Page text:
“The Love Me Tender” deadline for Arb-Eligible players

The Washington Nationals came into the off-season with nine arbitration-eligible players — and with a few signings, and a a couple of DFA’s, the team is in a position today to move forward with all of their four remaining players who are arb-eligible and will receive tender offers, if they do not agree to firm salaries before that, for the 2024 season.

Going into the offseason, here was the Nationals arbitration-eligible list of nine players sorted by service time and their MLBTR projected value:

As expected, Chavis was an early DFA, and he could return on a minor league deal, and Smith was the one player to get the “Luke Voit” treatment of coming to terms on a market rate deal per a source, or get the DFA. Well, Smith is now gone via a DFA. The four remaining players will all be retained, and general manager Mike Rizzo will try to negotiate their 2024 salaries before today’s deadline just like he did with Vargas, Robles, and Rainey. Here are the final four:

With just those players remaining on the arb-eligible list, the team is in fairly good shape compared to some others that are struggling with this decision day. Last night, the Atlanta Braves made a blockbuster trade with the White Sox for five of their players of which four players were on their 40-man roster, and two of which were part of their 13 arb-eligible players.

Teams will be trying to lock players up today to 2024 salaries closer to fair market values, and if they non-tender a player(s) they simultaneously become a free agent. The deadline to agree to a contract before exchanging salary figures is Jan. 12, 2024. That process has the team and the player’s agent exchange their salary numbers. If they go to an arbitration hearing, the arbiter can only choose one of those salary numbers at the hearing, there is no middle ground. Often, arb hearings are intense and negative as the team tries to beat the player down on why they aren’t worth what the player is asking for. Arbitration hearings will be held Jan. 29 through Feb. 16 which is much earlier this year to wrap most of this up before Spring Training camps have their first team workouts.

You may hear the terms “file and trial” and that was popularized by teams with the firm stance that they treat the arbitration figure exchange date as a hard deadline.  The Nats are not one of those teams, but the Nats like all teams, do not want to go to arb hearings. Teams that are unable to avoid arbitration prior to exchanging salary figures, the understanding is that they will no longer negotiate one-year deals with that player. However, that is not a binding decision, and the Nats have been known to keep negotiating to avoid going to an arbitration hearing.

In their history, the Nationals have rarely gone through the arbitration hearing route. There was the time that reliever Jerry Blevins thought it would be cool (true story) to go to an arb-hearing and a month later Rizzo traded Blevins to the New York Mets for Matt den Dekker. Some say that if you take a team to an arbitration hearing, it creates friction. It seems that players who do that with Rizzo do not get many favors going forward — or like Blevins, do not stay around to see Opening Day. Before the 2019 season, Rizzo went to arb hearings with both reliever Kyle Barraclough and Michael A. Taylor which the Nationals side won. Barraclough was DFA’d during the season, and Taylor headed to free agency after the season.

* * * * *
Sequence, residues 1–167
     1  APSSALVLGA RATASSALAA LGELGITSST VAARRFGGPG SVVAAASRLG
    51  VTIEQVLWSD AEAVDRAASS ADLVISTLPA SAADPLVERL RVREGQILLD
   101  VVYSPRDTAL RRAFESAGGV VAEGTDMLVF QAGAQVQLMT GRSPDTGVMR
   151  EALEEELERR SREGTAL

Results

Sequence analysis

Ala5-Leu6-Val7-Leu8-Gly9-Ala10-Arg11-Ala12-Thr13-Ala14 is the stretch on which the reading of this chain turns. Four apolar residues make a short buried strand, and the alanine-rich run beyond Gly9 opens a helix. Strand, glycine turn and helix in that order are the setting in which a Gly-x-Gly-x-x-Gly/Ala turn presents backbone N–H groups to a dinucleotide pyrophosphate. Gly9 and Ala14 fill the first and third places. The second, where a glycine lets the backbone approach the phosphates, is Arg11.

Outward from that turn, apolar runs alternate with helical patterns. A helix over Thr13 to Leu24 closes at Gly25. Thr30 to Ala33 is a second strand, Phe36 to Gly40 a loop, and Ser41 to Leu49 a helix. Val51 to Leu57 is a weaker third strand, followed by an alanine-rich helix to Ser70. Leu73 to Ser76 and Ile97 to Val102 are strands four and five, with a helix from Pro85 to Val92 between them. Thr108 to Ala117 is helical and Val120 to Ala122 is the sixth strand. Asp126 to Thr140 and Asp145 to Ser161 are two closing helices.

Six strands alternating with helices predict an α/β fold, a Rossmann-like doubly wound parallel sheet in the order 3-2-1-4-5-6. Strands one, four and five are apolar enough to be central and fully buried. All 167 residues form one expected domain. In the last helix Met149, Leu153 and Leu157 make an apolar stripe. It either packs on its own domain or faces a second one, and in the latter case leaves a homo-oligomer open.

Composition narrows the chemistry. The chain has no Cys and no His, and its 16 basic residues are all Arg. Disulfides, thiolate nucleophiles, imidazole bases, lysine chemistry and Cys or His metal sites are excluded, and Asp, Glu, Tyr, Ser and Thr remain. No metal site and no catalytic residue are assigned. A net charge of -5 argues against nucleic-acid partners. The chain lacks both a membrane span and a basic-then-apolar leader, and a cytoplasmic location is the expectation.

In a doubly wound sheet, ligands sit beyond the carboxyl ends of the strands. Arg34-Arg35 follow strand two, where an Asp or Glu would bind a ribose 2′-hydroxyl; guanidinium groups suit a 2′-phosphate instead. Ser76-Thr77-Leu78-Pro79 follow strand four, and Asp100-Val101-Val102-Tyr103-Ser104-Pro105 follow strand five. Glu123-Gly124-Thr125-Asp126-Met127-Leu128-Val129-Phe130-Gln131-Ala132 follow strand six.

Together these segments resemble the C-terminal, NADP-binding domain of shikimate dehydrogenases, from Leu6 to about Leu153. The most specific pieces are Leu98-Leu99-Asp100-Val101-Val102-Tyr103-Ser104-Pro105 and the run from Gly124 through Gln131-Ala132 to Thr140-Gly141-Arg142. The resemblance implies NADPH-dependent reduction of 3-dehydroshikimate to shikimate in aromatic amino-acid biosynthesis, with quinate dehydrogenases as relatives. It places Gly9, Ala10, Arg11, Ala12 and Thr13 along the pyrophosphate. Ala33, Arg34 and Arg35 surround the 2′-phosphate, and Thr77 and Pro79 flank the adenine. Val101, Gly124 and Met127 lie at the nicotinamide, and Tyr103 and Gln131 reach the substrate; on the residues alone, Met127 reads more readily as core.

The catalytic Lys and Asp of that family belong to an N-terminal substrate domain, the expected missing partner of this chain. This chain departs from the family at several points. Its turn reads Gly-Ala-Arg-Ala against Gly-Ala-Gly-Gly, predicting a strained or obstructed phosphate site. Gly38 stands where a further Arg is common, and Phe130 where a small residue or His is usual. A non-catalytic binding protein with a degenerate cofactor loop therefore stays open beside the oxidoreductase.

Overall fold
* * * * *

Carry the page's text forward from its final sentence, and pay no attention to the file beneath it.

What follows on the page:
In 2012, John Lannan had his arbitration hearing before Spring Training camp opened and was supposed to be the fifth starter on that squad, and his manager, Davey Johnson, publicly named Lannan as his fifth starter and days later, Lannan was sent to Triple-A Syracuse as Rizzo went with Ross Detwiler as the team’s fifth starter. Maybe that arb hearing had nothing to do with it — but maybe it did. The Nats list is small on players who go to arbitration hearings, but the warning is don’t push Rizzo.

First off, let’s explain that arbitration rules generally cover players with at least 3-years of MLB service time and not on a long-term contract. These arb-eligible players have a chance to negotiate a set salary for the upcoming season and get paid above the league minimum salary of $760,000. There is also the Super-Two rule for players with less than three years of service time to become arb-eligible and a player must rank in the top 22 percent in terms of service time among all players who have amassed between two and three years of service time in the Majors.

Some would say it was time to move on from the former top prospect, Robles, but that isn’t Rizzo’s M.O. He has a history of sticking with his former top prospects, and expects better results. If there was any good news, Robles stepped up his offense in 2023 before he hurt his back, limiting him to just 36 games. Unfortunately his defense had suffered in his 2023 season. We reported that the Nats were considering a trade of Robles per a source, and it was “lukewarm” on any talks during the GM Meetings. Of course, the team could still trade him at any time given Rizzo has Jacob Young, and top prospects Dylan Crews and James Wood in the wings.

This is a good time to look out for salary dump trades like the Braves did last night with Mike Soroka and Nicky Lopez. There are several more players on the non-tender bubble per MLBTR. Again, if a player is non-tendered, they automatically become a free agent. But you can trade an arb-eligible player today, and the acquiring team then has the decision today to tender or non-tender.

We will say today how many love me tender players there are, and how many get their non-tender notifications.

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